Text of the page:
Washington Wizards superstar Gilbert Arenas is the third-leading scorer in the NBA, which makes many Washington, D.C. schools very happy.
Why is that? For every point that Arenas scores in a game, he donates $100 to a D.C. area school. Also involved is Wizards owner Abe Pollin, who matches Arenas' point scoring donations at all of his away games.
How it works: Schools register to be entered into a lottery for a chance of winning cash for their school. This year, 82 schools were chosen to attend the program's event at the Verizon Center, which brought out 1,200 students, teachers and principals.
Snippets from the Washington Post:
It's a hefty bag of cash, especially for such schools as Southeast's Simon Elementary, where "we need computers," math resource teacher Jennifer Johnson said amid the din. "And we need resource books for teachers. And we need a lab for computers. And we need to go on more field trips. And teacher supplies. We just don't have the resources." In general, money for such necessities, she added, "comes out of our pockets."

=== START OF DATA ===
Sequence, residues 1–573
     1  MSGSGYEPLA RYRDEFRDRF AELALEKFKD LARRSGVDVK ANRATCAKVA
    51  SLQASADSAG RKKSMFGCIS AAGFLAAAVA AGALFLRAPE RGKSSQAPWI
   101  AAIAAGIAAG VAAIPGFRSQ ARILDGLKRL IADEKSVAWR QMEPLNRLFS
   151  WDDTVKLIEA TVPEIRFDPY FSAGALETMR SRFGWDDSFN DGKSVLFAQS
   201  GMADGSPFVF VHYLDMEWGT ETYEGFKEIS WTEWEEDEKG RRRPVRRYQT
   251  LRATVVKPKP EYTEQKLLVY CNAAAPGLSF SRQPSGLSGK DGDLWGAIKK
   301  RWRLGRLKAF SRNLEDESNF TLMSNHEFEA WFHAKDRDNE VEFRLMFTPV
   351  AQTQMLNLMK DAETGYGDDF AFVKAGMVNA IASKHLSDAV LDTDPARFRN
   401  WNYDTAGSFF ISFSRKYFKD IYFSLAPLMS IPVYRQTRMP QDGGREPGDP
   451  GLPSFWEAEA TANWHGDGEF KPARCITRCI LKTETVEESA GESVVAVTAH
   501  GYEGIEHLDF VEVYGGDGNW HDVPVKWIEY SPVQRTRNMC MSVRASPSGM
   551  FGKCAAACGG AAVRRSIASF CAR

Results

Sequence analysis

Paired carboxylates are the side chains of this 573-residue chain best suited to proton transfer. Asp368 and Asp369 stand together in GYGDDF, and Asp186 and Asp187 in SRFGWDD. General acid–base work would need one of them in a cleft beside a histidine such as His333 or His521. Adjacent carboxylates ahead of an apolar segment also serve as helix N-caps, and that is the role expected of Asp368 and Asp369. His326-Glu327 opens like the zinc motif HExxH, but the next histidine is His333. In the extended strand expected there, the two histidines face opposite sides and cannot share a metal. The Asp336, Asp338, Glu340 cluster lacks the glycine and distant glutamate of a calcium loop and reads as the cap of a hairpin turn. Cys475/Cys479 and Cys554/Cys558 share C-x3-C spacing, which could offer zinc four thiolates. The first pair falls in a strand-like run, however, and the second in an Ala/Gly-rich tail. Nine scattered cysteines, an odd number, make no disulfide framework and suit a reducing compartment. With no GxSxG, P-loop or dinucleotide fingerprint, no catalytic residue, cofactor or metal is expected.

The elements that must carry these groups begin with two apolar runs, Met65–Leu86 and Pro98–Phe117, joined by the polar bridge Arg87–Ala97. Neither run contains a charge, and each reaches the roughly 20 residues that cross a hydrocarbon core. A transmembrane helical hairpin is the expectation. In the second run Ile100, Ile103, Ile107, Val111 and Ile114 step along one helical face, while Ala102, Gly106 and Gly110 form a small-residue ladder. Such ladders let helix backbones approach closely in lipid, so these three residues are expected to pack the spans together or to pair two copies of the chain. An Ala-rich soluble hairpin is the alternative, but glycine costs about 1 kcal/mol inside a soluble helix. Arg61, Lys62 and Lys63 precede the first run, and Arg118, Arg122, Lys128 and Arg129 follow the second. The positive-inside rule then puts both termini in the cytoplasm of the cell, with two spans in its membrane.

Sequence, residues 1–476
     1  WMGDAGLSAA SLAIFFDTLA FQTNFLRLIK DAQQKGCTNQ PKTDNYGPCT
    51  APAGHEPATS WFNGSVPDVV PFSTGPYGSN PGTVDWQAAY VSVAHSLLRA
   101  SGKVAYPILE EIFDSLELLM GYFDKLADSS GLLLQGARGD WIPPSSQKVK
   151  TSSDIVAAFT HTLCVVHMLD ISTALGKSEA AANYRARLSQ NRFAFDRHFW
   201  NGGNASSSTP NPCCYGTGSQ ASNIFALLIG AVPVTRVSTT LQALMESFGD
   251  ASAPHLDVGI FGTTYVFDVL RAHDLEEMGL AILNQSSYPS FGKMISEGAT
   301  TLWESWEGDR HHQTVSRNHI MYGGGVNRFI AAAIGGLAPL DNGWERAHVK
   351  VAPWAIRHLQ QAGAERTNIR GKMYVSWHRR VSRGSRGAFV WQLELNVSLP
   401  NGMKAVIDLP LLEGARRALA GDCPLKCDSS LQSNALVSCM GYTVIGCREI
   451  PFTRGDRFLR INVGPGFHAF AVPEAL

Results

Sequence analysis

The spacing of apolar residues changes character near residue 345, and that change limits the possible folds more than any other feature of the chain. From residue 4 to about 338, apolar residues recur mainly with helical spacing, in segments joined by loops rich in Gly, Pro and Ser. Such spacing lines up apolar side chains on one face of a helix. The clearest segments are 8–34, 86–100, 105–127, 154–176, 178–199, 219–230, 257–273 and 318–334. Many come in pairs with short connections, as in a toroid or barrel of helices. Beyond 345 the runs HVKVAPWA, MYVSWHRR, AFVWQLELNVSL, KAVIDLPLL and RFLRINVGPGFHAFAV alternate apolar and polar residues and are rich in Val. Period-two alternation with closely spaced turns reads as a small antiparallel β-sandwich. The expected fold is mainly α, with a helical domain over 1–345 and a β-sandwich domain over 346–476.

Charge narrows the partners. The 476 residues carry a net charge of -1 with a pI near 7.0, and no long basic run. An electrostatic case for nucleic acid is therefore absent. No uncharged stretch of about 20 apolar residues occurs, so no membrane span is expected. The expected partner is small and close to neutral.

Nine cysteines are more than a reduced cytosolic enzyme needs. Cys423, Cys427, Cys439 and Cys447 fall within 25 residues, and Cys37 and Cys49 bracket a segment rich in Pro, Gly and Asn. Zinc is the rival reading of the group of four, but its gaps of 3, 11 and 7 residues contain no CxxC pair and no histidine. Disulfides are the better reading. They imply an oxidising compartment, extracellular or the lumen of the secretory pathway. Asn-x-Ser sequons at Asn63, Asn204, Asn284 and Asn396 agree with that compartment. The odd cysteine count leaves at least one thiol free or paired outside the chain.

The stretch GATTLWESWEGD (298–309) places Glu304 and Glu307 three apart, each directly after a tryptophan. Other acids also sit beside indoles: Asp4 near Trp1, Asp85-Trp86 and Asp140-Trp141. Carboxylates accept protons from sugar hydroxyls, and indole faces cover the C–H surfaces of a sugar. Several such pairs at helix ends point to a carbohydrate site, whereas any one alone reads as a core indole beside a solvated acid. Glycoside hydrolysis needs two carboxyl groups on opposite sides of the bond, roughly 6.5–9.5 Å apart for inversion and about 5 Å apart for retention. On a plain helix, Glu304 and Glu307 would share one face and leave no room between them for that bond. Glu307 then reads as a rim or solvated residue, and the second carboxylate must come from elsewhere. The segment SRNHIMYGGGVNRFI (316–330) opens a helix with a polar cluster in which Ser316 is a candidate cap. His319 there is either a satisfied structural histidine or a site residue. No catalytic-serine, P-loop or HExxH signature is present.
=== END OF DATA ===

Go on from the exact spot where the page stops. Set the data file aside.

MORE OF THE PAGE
The idea for the program came before the start of last year's season, when Arenas was brainstorming charity ideas with the Wizards' senior director for community relations, Sashia Jones. The session, Jones said, was classic Arenas: He wanted this charity idea to be "something nobody else had ever done," and he wanted it "big" and primed to "impact children."
A quiet boy who had printed his question for Arenas in pencil on lined notebook paper asked, "What inspired you to start shooting for money?" "Because," the 6-foot-4 ball player answered gently, leaning forward toward the boy, who was about half of Arenas's height, "I always dreamed of a player doing it for my school."
Read the article at the Washington Post.